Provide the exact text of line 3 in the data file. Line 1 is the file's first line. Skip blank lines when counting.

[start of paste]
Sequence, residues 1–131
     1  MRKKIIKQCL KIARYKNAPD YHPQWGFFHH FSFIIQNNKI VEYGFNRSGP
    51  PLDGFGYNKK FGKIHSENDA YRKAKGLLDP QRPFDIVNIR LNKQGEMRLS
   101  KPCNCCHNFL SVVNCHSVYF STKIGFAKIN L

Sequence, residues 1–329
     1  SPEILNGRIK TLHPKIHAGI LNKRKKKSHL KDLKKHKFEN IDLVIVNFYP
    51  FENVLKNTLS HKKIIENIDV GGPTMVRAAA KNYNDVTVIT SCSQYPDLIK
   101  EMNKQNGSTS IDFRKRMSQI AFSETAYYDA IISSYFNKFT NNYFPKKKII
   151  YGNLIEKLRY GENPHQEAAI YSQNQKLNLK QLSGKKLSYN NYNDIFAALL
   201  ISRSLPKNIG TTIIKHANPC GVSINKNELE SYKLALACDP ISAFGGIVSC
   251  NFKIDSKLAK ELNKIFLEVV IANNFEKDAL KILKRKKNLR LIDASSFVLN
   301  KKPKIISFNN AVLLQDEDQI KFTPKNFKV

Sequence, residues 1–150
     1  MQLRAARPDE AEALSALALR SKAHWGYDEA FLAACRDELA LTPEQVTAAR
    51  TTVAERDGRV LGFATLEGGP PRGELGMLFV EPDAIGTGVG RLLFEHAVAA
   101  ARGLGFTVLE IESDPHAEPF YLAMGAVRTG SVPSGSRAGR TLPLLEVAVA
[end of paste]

    51  PLDGFGYNKK FGKIHSENDA YRKAKGLLDP QRPFDIVNIR LNKQGEMRLS